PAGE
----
Unfortunately, We All Need to Manage Our Racism
The first time I heard about this song and watched the video, I was uncomfortable. I had been taught to reject the stereotypes portrayed, and it was disturbing to see them in a joyful song. I wanted to dismiss this work and every confronting piece of it. Over the past two years, I have instead cited it and directed people to it as evidence that we are having the wrong conversations about racism. We want to pretend we are not racist and that “the other guy is”–that we are better than he or she because we are above racism. We are effectively stating that we are super-human, if not reckless. As much as we hate to admit this, it is very natural to assess people who we don’t know based on what we think we do know: our past experiences, our education, what we read or hear in the media, etc.
When I had never before met a Japanese person, I immediately called upon my perceived knowledge to: a) determine if I was safe with her and b) see what commonalities I could draw upon to create a connection. Since she was a female, about the same size as I was and was a student at the school I attended, I decided she was safe and that we could talk about school, if nothing else. As we became friends, I was fascinated to learn more about her family’s cultural history and I realized that it was ethnicist of me to assume she was Japanese because of how she looked. In fact, she had been born in the United States. She was American. I have since been more willing to set aside my assumptions when I meet someone new who looks different from me. If we really look at ourselves, we will realize that pretty much everyone looks different from us in some way. My sisters and I share some characteristics of our parents, but they meld uniquely in each of us.
My first memory of meeting a darker-skinned person was when I was a little girl visiting my aunt in Indianapolis. While my older family members shopped, I played in a designated area where no one obsessed over the small chance that someone would take us from it or harm us. We just played–with whoever showed up and was fun to be with.
On the way home, my aunt teased me about my “little nigger friend.” I don’t know if I had ever heard the “N word” before then, and I remember being confused by it. Was that what people with cool pigtails and chocolatey skin were called? It was said with such playfulness that I didn’t realize the word had such an emotional charge outside of our car. I’m still not sure that it was meant, in that context, as anything more than a game that was later repeated when I had “a boyfriend” at the playground or made a new friend. Yet Chris Rock wants me to “own” my ancestors’ racism. In a December interview, he declares “to white people” that we should take responsibility for our dads’ actions. I barely knew my dad. How does Chris Rock know so much about him? It’s probable that my dad was racist, but it’s also likely that Chris Rock’s dad was racist, too. The issue is not so much what we think, but how we let it manifest in our lives.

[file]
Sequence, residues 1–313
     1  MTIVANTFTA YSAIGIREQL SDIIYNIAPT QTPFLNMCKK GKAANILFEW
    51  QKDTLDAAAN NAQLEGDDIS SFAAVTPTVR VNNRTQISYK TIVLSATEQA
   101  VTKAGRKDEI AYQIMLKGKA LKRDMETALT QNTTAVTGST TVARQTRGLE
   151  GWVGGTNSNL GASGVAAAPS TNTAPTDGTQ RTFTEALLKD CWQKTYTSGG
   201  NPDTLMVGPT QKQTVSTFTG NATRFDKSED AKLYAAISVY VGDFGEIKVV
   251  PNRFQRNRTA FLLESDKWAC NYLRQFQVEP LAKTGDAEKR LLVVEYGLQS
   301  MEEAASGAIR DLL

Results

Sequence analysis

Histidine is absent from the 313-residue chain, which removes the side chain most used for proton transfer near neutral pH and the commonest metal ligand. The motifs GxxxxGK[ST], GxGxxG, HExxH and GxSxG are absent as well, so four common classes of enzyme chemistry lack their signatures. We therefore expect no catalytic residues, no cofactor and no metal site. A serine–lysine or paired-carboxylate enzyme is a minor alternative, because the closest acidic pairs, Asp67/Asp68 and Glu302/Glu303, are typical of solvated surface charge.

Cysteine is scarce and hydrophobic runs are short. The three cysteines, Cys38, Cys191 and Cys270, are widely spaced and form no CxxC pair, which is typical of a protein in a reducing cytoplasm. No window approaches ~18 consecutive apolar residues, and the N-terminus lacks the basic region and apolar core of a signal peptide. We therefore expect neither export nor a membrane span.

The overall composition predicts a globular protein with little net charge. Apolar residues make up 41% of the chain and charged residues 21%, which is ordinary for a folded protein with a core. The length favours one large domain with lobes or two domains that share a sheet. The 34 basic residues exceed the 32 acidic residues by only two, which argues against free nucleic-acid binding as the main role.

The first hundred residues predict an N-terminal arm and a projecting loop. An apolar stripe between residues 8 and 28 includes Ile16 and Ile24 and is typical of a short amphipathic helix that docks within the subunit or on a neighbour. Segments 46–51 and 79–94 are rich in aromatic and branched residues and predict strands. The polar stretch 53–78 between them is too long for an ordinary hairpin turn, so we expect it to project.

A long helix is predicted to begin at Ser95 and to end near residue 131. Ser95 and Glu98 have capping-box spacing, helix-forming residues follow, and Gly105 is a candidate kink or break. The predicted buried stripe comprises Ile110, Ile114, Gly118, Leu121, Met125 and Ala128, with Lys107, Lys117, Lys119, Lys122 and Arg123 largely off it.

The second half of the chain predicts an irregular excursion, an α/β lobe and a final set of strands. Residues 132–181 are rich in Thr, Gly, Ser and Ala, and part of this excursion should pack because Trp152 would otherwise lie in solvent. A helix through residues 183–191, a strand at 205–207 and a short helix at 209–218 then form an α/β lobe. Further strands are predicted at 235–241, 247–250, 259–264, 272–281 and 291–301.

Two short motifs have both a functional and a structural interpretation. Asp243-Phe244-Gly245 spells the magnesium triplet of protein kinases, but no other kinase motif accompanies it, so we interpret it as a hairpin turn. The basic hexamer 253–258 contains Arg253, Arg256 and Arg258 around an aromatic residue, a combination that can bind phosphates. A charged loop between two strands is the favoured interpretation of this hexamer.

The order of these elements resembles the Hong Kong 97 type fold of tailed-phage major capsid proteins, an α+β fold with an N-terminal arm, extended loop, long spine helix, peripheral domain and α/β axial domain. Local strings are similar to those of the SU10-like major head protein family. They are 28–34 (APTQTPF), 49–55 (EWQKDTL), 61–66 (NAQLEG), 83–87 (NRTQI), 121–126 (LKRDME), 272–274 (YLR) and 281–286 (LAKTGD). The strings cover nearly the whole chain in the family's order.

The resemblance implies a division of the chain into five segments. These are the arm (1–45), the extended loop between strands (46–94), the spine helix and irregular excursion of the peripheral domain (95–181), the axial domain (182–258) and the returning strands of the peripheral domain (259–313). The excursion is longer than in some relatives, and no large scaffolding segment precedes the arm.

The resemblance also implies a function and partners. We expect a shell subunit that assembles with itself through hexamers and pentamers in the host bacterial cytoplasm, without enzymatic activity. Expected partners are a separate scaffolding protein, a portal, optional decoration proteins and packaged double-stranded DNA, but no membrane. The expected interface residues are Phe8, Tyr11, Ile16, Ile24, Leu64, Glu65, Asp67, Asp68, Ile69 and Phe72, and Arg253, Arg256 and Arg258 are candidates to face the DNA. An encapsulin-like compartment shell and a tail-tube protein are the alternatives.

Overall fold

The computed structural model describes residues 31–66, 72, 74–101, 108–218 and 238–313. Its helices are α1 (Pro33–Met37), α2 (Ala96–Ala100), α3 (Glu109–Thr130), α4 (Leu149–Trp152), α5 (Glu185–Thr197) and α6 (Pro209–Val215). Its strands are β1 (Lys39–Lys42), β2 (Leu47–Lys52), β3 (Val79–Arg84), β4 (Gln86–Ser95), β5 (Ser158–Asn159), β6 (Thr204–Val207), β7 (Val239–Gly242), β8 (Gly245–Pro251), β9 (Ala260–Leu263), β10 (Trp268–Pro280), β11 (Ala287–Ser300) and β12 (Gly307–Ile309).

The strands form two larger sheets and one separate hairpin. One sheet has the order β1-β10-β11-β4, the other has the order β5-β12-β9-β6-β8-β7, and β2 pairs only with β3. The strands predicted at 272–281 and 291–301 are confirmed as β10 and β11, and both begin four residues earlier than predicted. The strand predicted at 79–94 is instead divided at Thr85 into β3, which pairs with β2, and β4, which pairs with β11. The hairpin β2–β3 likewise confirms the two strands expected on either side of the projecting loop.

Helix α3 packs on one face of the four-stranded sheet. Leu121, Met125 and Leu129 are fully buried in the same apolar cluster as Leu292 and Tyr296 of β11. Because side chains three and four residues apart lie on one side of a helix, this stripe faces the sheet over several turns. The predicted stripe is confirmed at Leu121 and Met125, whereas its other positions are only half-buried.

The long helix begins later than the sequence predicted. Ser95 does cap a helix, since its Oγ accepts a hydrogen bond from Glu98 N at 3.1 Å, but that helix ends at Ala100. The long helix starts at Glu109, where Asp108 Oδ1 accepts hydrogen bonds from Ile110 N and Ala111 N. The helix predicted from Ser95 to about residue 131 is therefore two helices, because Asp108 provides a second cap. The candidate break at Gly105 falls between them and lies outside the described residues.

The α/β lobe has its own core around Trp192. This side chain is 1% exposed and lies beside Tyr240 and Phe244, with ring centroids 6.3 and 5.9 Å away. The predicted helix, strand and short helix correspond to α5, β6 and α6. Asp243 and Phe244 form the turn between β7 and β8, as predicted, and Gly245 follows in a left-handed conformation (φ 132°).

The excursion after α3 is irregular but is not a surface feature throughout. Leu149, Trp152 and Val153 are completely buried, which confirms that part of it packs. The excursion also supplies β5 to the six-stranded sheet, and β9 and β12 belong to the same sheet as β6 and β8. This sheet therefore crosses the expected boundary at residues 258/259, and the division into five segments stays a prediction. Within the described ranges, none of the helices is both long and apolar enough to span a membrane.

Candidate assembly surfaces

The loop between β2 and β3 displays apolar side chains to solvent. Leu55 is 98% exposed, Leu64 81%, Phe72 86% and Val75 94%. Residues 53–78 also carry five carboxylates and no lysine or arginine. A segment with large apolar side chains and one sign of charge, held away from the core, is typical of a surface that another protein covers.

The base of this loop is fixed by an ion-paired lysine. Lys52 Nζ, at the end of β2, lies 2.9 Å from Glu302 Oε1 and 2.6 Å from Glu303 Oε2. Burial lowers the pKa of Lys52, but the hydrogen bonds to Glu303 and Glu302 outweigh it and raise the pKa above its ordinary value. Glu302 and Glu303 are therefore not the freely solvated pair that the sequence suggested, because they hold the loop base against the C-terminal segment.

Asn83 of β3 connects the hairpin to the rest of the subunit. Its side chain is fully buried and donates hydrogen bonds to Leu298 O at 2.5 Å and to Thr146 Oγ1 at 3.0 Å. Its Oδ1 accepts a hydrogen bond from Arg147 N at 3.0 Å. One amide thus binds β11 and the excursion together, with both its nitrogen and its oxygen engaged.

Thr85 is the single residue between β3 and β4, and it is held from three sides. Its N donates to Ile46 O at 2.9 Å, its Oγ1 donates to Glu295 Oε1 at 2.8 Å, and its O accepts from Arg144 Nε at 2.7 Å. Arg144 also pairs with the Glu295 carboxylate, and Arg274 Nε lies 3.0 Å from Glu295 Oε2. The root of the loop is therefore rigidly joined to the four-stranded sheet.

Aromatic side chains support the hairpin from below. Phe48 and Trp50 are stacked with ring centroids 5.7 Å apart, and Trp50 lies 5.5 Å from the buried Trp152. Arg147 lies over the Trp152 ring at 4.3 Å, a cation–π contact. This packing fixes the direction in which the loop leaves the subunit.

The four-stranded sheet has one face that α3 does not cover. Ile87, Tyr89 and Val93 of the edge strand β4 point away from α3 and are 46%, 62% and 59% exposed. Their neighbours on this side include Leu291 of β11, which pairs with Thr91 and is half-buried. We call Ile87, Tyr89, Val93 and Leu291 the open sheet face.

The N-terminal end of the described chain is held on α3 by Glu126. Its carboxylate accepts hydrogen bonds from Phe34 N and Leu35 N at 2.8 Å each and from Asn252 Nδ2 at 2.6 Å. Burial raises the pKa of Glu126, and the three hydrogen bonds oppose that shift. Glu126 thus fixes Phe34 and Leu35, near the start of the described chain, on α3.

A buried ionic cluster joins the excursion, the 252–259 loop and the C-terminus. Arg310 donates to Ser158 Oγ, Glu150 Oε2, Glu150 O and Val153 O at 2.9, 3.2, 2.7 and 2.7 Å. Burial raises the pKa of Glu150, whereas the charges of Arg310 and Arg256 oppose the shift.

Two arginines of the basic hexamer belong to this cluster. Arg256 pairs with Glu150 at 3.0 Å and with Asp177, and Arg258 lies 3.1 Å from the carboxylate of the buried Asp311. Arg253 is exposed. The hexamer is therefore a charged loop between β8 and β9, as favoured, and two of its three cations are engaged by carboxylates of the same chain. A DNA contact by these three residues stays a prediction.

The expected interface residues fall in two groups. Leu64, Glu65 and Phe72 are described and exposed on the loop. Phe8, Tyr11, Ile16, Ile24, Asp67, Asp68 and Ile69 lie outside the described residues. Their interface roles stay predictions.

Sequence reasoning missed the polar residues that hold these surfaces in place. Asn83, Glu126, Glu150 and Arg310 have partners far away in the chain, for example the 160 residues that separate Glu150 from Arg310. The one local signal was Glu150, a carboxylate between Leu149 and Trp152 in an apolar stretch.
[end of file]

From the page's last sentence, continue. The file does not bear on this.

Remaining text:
Last January, I was assaulted by a young black male. He was wearing a hoodie and baggy jeans, and for the first few days after my attack, I scrutinized the young men I encountered who were similarly dressed. Again, I was trying to keep myself safe. During those days, I was not as willing to look for commonalities because that most basic need to feel safe was not yet present again. I was in the throes of post-traumatic stress disorder (“PTSD”) that I have spent nearly a year recovering from. Nevertheless, I was soon able to reconnect with my commitment to understand other people and to connect with them. I chose to first assume that I was safe and second to look for commonalities. This sometimes took real effort and actual communication. I began to make eye contact and start conversations. I imagined them having some of the same fears and internal struggles that I have. I mentally told them I loved them and how much I wanted them to keep growing into the awesome human beings that they were created to be. I chose to not be stopped by visual differences or even silence. That is my invitation to you.
Maybe you’re not yet brave enough to engage in conversation with people who seem dramatically different from you. Perhaps you’re uncomfortable around kids, teenagers, men, women, homosexuals, transvestites, older people, obese people, people wearing religious attire or symbols, etc. I invite you to explore them, trust them, observe them, and send them love. Assume that they–like you–deserve it, want it, get weird about it, and forget to share it. Forgive them. Be with them. You need not say a word. Yet you can, if you want, when you see that smile or familiarity in their eyes. That is you. Smile back, whether with your mouth or your words. This is where the real conversation begins. xo
Nance L. Schick, Esq. is an attorney, mediator, and conflict resolution coach based in New York City. She is the founder of The Law Studio of Nance L. Schick, where she and her team of employees, vendors, and strategic partners deconstruct conflict and re-create it as opportunity, using a holistic, integrative approach. Nance resolves conflict and cultivates leaders, using her EEOC training, as well as her proprietary Third Ear Conflict Resolution process, which is described in more detail in her first book, DIY Conflict Resolution: Seven Choices and Five Actions of a Master. She is also an award-winning entrepreneur, who has been acknowledged by Enterprising Women Magazine (Honorable Mention, 2014 Woman of the Year awards), and Urban Rebound NY/Count Me In (2013 Pitch Competition finalist).